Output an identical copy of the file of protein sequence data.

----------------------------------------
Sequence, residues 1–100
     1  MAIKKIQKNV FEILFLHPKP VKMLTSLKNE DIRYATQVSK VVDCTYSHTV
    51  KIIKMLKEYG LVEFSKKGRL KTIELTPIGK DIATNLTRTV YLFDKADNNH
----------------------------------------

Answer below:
Sequence, residues 1–100
     1  MAIKKIQKNV FEILFLHPKP VKMLTSLKNE DIRYATQVSK VVDCTYSHTV
    51  KIIKMLKEYG LVEFSKKGRL KTIELTPIGK DIATNLTRTV YLFDKADNNH